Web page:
Pilocytic astrocytoma

Case contributed by Dr Bruno Di Muzio


History of headache that gets worse with changes in posture. Blurry vision is also related in the last days. Bilateral papilledema. No abnormal neurology.

Patient Data

Age: 20 years
Gender: Female

There is a large predominantly cystic mass arising from the inferior left cerebellar hemisphere measuring up to 33 mm in the transverse diameter. A solid enhancing component is demonstrated inferiorly. There is considerable associated mass effect with partial compression of the inferior fourth ventricle. The lateral and third ventricles are dilated. There is deformity of the left cerebellar peduncle and distortion of the adjacent brainstem.

Thee cerebral hemispheres are intact and no additional intracranial mass lesion is seen superior to the tentorium. There is no abnormal leptomeningeal contrast enhancement. The basal cisterns are however to some extent effaced.


Centered in the medial aspect of the left cerebellar hemisphere, there is a mixed solid and cystic mass, measuring 3.6 cm x 3.6 cm x 2.9 cm. The solid component is located medially and measures 2.8 cm x 2.7 cm x 2 cm. The solid component enhances vividly and homogeneously. There is a cystic component superiorly within the cerebellum, as well as inferiorly, extending as far as the upper cervical spinal cord. The cystic component is located posterior to the cord here, and there is mild flattening of the cord.

There is peripheral enhancement of the cystic component of the mass. The solid component demonstrates homogeneous T2 hyperintensity. No flow void is identified.

There is mild surrounding vasogenic edema. The mass compresses the fourth ventricle, and there is obstructive hydrocephalus with evidence of mild transependymal CSF flow.

No restricted diffusion or susceptibility artefact. No supratentorial mass is identified.

Single voxel spectroscopy demonstrates elevated choline and metabolite depletion to the right of the spectrum.


MICROSCOPIC DESCRIPTION: Paraffin sections show a moderately hypercellular glial tumor involving cerebellum. Tumor cells are a mixture of plump piloid cells and cells with round and oval nuclei and delicate processes. Both cell types show moderate nuclear pleomorphism. No mitotic figures are identified. There is no microvascular proliferation and no necrosis is seen. Small numbers of Rosenthal fibers are identified. A moderate amount of extracellular Alcian Blue positive myxomatous material is noted throughout the tumor. Tumor gradually merges with surrounding cerebellar parenchyma. Gliosis and patchy loss of Purkinje cells is noted in the cerebellar cortex.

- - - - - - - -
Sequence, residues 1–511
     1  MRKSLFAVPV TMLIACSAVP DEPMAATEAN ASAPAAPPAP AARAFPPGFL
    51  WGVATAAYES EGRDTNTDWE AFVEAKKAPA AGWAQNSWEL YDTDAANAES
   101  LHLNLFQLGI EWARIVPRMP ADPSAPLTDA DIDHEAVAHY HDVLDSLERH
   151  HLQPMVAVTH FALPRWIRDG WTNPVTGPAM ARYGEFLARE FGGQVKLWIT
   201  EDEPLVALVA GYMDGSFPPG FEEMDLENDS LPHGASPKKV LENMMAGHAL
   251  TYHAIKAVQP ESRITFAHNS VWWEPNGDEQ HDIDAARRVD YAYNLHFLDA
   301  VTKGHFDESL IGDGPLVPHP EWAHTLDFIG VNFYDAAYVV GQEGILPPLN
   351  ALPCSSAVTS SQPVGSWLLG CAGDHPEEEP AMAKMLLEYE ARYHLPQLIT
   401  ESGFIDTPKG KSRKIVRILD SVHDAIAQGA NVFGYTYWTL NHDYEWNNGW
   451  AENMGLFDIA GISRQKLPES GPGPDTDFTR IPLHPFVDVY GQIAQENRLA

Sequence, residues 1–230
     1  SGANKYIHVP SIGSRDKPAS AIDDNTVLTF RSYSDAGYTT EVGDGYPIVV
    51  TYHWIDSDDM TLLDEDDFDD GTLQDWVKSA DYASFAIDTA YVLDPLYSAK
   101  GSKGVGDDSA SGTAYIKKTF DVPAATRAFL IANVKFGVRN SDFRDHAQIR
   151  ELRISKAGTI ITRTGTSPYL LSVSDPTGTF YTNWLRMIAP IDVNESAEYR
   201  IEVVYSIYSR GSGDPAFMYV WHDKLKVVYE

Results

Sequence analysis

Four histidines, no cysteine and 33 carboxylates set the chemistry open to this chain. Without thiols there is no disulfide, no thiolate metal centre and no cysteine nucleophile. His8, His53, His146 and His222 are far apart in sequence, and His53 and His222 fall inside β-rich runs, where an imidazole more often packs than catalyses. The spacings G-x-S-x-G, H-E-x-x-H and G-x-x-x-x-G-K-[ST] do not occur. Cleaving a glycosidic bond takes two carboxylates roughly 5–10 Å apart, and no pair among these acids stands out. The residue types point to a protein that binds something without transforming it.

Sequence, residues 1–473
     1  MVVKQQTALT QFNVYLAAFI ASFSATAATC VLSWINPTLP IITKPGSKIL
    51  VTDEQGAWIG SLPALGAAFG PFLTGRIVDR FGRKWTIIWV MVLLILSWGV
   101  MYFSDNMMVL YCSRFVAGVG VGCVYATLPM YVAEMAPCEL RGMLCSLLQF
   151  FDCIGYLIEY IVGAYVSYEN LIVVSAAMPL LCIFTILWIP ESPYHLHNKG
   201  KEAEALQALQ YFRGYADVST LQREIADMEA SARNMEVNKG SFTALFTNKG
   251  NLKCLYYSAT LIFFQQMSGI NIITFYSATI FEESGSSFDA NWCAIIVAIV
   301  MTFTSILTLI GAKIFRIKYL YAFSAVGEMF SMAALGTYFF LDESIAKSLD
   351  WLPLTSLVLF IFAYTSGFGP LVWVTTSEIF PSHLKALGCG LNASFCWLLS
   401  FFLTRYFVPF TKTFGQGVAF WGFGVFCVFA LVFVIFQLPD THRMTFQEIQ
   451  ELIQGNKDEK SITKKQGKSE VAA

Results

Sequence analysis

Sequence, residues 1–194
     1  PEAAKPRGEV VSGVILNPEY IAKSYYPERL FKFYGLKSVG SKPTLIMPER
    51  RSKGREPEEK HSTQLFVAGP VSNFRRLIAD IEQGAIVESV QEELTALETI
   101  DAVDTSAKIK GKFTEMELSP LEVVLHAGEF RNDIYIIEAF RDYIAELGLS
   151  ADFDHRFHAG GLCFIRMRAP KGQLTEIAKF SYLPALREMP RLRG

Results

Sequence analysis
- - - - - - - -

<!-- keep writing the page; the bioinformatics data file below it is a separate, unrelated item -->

• GFAP positive
  • Nestin positive (moderate)
  • ATRX positive (not mutated)
  • IDH-1 R132H negative (not mutated)
  • MGMT positive (likely unmethylated)
  • p53 negative
  • p16 negative
  • Topoisomerase labeling index: Approximately 2%.
  • The features are of pilomyxoid astrocytoma (WHO Grade II).

DIAGNOSIS: "Posterior cranial fossa tumor": Pilomyxoid astrocytoma (WHO Grade II) 

Molecular testing for BRAF-KIAA1549 fusion and BRAF V600E mutation confirmed the diagnosis of a pilocytic astrocytoma. 

Case Discussion

This case illustrates a large cystic mass lesion arising from the left inferior cerebellar hemisphere with an enhancing solid component and associated obstructive hydrocephalus. In the patient's age group and with these image features, hemangioblastoma and pilocytic astrocytoma must be considered.

Hemangioblastoma typically occur in the young adult, and although they are the most common posterior fossa mass in a young adult, they are nonetheless uncommon in absolute terms, accounting for only 1-2.5% of all intracranial tumors. They have a peak incidence around 30-60 years of age. One imaging feature that makes this case less likely a hemangioblastoma is the presence of enhancement in the cystic component wall.  

Pilocytic astrocytomas are tumors of young people, with 75% occurring in the first two decades of life, typically late in the first decade (9-10 years). There is no recognized gender predisposition. 

This case was first considered to favor a pilomyxoid astrocytoma (PMA) diagnosis by the histopathology study. However, after the BRAF genetic tests, the diagnosis was confirmed to be a pilocytic astrocytoma due to the absence of genetic fusion or mutations. PMA was originally reported as arising in the hypothalamus or optic chiasm of an infant or young child. However, it is also known that they may also occur in the posterior fossa and in the spinal cord 1

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Case information

rID: 36807
Published: 18th May 2015
Last edited: 23rd Nov 2019
Tag: rmh
Inclusion in quiz mode: Included

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